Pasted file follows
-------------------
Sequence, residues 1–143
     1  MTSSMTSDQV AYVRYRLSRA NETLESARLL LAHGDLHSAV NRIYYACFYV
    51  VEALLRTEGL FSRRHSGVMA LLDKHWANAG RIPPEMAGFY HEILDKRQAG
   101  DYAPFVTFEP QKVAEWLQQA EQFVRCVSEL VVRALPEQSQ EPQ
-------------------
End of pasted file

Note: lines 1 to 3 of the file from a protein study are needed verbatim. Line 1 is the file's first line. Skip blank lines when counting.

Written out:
Sequence, residues 1–143
     1  MTSSMTSDQV AYVRYRLSRA NETLESARLL LAHGDLHSAV NRIYYACFYV
    51  VEALLRTEGL FSRRHSGVMA LLDKHWANAG RIPPEMAGFY HEILDKRQAG